Texas children are being left behind without access to healthcare, partly a result of action taken by former Gov. Rick Perry to cut the expansion of Medicaid through the Affordable Care Act, otherwise known as Obamacare.
According to a new study by Wallethub, Texas ranks 49th in the country for children with access to health insurance, an indication that healthcare is on the backburner of priorities.
In 2012, in response to the newly adopted Affordable Care Act, Perry shot down the expansion of Medicaid to the Lone Star State, losing out on approximately $13 billion a year in federal money to help children find insurance.
“Only 89.1 percent of Texas children aged 0-17 have health insurance,” said Jill Gonzalez, a research analyst for Wallethub. “Yes, the lack of Medicaid expansion is the reason why so many children and adults are uninsured. Children from low-income families are especially affected by this. They are unable to access Medicaid and can’t afford other health insurance.”
Following his predecessor, Gov. Greg Abbott holds firm on Perry’s decision to limit the expansion of Medicaid to Texas. In a 2015 press release, Abbott said Medicaid expansion is wrong for Texas, citing Obamacare as a massive expansion of an already broken and bloated Medicaid program.
But local pediatricians aren’t convinced that the lack of Medicaid expansion is helping Texas children receive the health care they desperately need.
Dr. Julie Fisher, a physician at Corridor Primary Care Pediatrics in Kyle, said the expansion of Medicaid is widely accepted by physicians in the field, especially in Central Texas where families are in need of assistance.
“Because of these issues, we are seeing a lot of our patients lose their benefits and aren’t able to seek health care,” Fisher said. “With no insurance, young children can lose access to receive their vaccines which puts them and other children at risk for a variety of diseases.”
Fisher said the lack of health care for children puts a burden on the healthcare system. Families with no insurance can visit the emergency room to receive services, and when they cannot pay the medical bill, will set up a payment plan or become a burden to the hospital or taxpayers.
Throughout undergraduate and medical school, Fisher relied on health insurance from her parents’ policy before being able to support herself financially. Without that assistance, she would have been forced to pay for insurance out of her own pocket as a student.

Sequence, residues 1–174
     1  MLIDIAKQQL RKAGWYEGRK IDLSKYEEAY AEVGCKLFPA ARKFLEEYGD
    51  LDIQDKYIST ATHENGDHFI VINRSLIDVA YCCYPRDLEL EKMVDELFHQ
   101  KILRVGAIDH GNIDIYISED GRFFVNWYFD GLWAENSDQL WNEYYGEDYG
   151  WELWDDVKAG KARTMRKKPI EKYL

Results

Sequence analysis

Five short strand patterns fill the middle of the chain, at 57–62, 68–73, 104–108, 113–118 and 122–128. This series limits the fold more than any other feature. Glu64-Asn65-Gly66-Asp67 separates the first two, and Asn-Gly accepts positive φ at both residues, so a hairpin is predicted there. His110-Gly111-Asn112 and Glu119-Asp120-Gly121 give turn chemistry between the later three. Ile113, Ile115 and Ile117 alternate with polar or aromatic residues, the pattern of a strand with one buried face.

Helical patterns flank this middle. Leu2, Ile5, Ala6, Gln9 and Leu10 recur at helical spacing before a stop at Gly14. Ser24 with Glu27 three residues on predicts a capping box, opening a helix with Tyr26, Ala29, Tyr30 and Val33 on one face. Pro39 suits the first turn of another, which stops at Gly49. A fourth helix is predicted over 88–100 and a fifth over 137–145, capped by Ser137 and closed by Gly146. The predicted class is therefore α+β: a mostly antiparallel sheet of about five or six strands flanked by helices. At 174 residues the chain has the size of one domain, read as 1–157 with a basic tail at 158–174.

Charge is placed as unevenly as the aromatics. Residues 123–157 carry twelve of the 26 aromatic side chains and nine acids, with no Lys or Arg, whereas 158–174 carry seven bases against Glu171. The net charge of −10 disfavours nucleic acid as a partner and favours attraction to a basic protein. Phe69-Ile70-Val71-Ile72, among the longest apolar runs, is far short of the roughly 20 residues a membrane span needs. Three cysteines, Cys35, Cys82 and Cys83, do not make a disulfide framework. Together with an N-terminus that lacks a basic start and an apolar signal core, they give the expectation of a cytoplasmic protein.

The Trump administration is continuing an ongoing legal battle against Obamacare, and is joined by Texas Attorney General Ken Paxton in the fight. If the ACA is found unconstitutional, it would allow insurance companies to deny coverage to people with preexisting conditions, which according to the Department of Health and Human Services, amounts to 130 million Americans under the age of 65.
“We are fighting for health care for everyone,” Fisher said. “I’ve had patients get dropped from their insurance and they have chronic illnesses and need that assistance. We cannot deny children with preexisting conditions health care that they need. Without it, these children cannot survive. How can you deny something that is so critical to the health of our children?”
Additionally, Texas is struggling to find enough new physicians. According to WalletHub, Texas ranks 45th in physicians per capita, despite having the second largest population in the country.
Gonzalez said the number of physicians available in Texas is one of the worst in the nation, adding injury to the state’s current healthcare dilemmas.
“One of the biggest issues is access to care for patients that require a specialist,” Fisher said. “A lot of patients have to travel to San Antonio or Austin to see a specialist since we don’t have that service here. That is especially prominent in places like the Rio Grande Valley where families have to travel hundreds of miles to see a specialist for their children, which can put a burden on the family financially.”
Fisher said it breaks her heart to see patients struggle with their medical needs but hopes some change will come from the Texas legislature in the future.